1985 National Football League season
Regular season
DurationSeptember 8 – December 23, 1985
Playoffs
Start dateDecember 28, 1985
AFC ChampionsNew England Patriots
NFC ChampionsChicago Bears
Super Bowl XX
DateJanuary 26, 1986
SiteLouisiana Superdome, New Orleans, Louisiana
ChampionsChicago Bears
Pro Bowl
DateFebruary 2, 1986
SiteAloha Stadium
1985 NFL season is located in the United States
Colts
Colts
Patriots
Patriots
Bills
Bills
Dolphins
Dolphins
Jets
Jets
Bengals
Bengals
Browns
Browns
Oilers
Oilers
Steelers
Steelers
Broncos
Broncos
Chiefs
Chiefs
Raiders
Raiders
Chargers
Chargers
Seahawks
Seahawks
AFC teams:
Yellow ffff00 pog.svg
West,
DeepPink pog.svg
Central,
Green pog.svg
East
1985 NFL season is located in the United States
Cowboys
Cowboys
Giants
Giants
Eagles
Eagles
Cardinals
Cardinals
Redskins
Redskins
Bears
Bears
Lions
Lions
Packers
Packers
Vikings
Vikings
Buccaneers
Buccaneers
Falcons
Falcons
Rams
Rams
Saints
Saints
49ers
49ers
NFC teams:
Yellow ffff00 pog.svg
West,
DeepPink pog.svg
Central,
Green pog.svg
East

The 1985 NFL season was the 66th regular season of the National Football League. The season ended with Super Bowl XX when the Chicago Bears defeated the New England Patriots 46–10 at the Louisiana Superdome. The Bears became the second team in NFL history (after the previous season's San Francisco 49ers) to win 15 games in the regular season and 18 including the playoffs.

Player movement

Transactions

Retirements

Draft

The 1985 NFL Draft was held from April 30 to May 1, 1985, at New York City's Omni Park Central Hotel. With the first pick, the Buffalo Bills selected defensive end Bruce Smith from Virginia Tech.

Major rule changes

The Bears making a rushing play in the end zone against the Patriots during Super Bowl XX.
The Bears making a rushing play in the end zone against the Patriots during Super Bowl XX.

1985 deaths

Regular season

Scheduling formula

    Inter-conference
AFC East vs NFC Central
AFC Central vs NFC East
AFC West vs NFC West

Highlights of the 1985 season included:

Final standings

Tiebreakers

Rams' running back Dickerson (29) rushing the ball through the Cowboys' defense in the 1985-86 NFC Divisional Playoffs Game .
Rams' running back Dickerson (29) rushing the ball through the Cowboys' defense in the 1985-86 NFC Divisional Playoffs Game .

Playoffs

Main article: 1985–86 NFL playoffs

Jan 4 – Anaheim Stadium
3 Dallas 0
Dec 29 – Giants Stadium Jan 12 – Soldier Field
2 LA Rams 20
NFC
5 San Francisco 3 2 LA Rams 0
Jan 5 – Soldier Field
4 NY Giants 17 1 Chicago 24
NFC Championship
4 NY Giants 0
Jan 26 – Louisiana Superdome
1 Chicago 21
Divisional playoffs
Wild Card playoffs N1 Chicago 46
Jan 5 – Los Angeles Memorial Coliseum
A5 New England 10
Super Bowl XX
5 New England 27
Dec 28 – Giants Stadium Jan 12 – Miami Orange Bowl
1 LA Raiders 20
AFC
5 New England 26 5 New England 31
Jan 4 – Miami Orange Bowl
4 NY Jets 14 2 Miami 14
AFC Championship
3 Cleveland 21
2 Miami 24

Milestones

The following players set all-time records during the season:

Most kick return yards, season Buster Rhymes, Minnesota (1,345)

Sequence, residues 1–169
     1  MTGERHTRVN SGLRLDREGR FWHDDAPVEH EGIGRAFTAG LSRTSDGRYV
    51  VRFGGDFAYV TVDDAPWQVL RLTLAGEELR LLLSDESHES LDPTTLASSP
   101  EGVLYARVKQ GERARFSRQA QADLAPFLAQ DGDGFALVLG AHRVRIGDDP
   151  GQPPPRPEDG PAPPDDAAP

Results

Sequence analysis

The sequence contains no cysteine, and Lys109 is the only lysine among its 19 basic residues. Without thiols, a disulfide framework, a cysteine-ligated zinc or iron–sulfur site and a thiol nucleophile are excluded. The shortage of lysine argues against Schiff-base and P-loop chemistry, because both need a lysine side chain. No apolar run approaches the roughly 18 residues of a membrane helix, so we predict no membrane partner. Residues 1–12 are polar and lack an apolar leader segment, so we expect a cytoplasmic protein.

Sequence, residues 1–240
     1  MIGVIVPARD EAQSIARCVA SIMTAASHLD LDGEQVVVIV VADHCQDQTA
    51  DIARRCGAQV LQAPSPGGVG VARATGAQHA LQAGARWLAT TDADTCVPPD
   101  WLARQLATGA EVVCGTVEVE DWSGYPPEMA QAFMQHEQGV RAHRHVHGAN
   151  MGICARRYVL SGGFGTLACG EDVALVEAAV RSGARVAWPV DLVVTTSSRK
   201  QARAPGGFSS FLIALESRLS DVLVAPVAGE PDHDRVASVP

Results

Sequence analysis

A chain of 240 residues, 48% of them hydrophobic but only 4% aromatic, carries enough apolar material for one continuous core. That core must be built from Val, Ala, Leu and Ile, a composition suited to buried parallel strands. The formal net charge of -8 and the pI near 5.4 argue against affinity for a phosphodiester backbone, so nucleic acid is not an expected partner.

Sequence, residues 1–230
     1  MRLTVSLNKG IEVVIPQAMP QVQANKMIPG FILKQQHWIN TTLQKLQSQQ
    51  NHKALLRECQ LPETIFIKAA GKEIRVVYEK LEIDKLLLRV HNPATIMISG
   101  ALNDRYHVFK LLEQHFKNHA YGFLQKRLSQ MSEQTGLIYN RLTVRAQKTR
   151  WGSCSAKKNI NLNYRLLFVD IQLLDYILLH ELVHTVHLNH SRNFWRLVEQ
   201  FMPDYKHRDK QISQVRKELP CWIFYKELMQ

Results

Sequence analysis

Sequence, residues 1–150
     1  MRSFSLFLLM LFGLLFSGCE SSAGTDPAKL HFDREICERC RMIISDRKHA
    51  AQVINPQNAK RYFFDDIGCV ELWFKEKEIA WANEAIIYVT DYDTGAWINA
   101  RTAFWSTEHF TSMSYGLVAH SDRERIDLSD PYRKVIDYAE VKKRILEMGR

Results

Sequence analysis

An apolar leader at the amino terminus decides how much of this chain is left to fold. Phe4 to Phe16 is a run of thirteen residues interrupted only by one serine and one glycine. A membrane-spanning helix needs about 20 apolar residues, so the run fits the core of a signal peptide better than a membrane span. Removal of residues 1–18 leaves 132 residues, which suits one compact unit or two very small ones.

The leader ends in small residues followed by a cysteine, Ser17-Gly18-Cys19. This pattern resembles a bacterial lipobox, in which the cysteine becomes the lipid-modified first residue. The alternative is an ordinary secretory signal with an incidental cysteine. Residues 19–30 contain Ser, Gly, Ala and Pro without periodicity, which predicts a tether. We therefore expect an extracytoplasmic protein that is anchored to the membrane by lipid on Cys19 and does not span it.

Most punt return yards, season Fulton Walker, Miami / Los Angeles Raiders (692)

Statistical leaders

Team

Points scored San Diego Chargers (467)
Total yards gained San Diego Chargers (6,535)
Yards rushing Chicago Bears (2,761)
Yards passing San Diego Chargers (4,870)
Fewest points allowed Chicago Bears (198)
Fewest total yards allowed Chicago Bears (4,315)
Fewest rushing yards allowed Chicago Bears (1,319)
Fewest passing yards allowed Washington Redskins (2,746)

Individual

Scoring Kevin Butler, Chicago Bears (151 points)
Touchdowns Joe Morris, New York Giants (21 TDs)
Most field goals made Gary Anderson, Pittsburgh Steelers (33 FGs)
Rushing attempts Gerald Riggs, Atlanta Falcons (397)
Rushing yards Marcus Allen, Los Angeles Raiders (1,759 yards)
Rushing touchdowns Joe Morris, New York Giants (21 TDs)
Passes completed Dan Marino, Miami Dolphins (336)
Pass attempts John Elway, Denver Broncos (605)
Passing yards Dan Marino, Miami Dolphins (4,137 yards)
Passer rating Ken O'Brien, New York Jets (96.2 rating)
Passing touchdowns Dan Marino, Miami Dolphins (30 TDs)
Pass receiving Roger Craig, San Francisco 49ers (92 catches)
Pass receiving yards Steve Largent, Seattle Seahawks (1,287 yards)
Receiving touchdowns Daryl Turner, Seattle Seahawks (13 TDs)
Punt returns Irving Fryar, New England Patriots (14.1 average yards)
Kickoff returns Ron Brown, Los Angeles Rams (32.8 average yards)
Interceptions Everson Walls, Dallas Cowboys (9)
Punting Rohn Stark, Indianapolis Colts (45.9 average yards)
Sacks Richard Dent, Chicago Bears (19.0)

Awards

Most Valuable Player Marcus Allen, running back, LA Raiders
Coach of the Year Mike Ditka, Chicago
Offensive Player of the Year Marcus Allen, running back, LA Raiders
Defensive Player of the Year Mike Singletary, linebacker, Chicago
Offensive Rookie of the Year Eddie Brown, wide receiver, Cincinnati
Defensive Rookie of the Year Duane Bickett, linebacker, Indianapolis
Man of the Year Dwight Stephenson, center, Miami
Super Bowl Most Valuable Player Richard Dent, defensive end, Chicago

Coaching changes

Offseason

In-season

Uniform changes

References

  1. ^ "Franco Harris, 35, Reluctantly Retires. By Associated Press". Los Angeles Times. Retrieved December 3, 2020.
  2. ^ "Briefly Noted". The San Bernardino Sun. San Bernardino, California. April 6, 1986. p. 38. Retrieved August 21, 2017 – via Newspapers.com open access.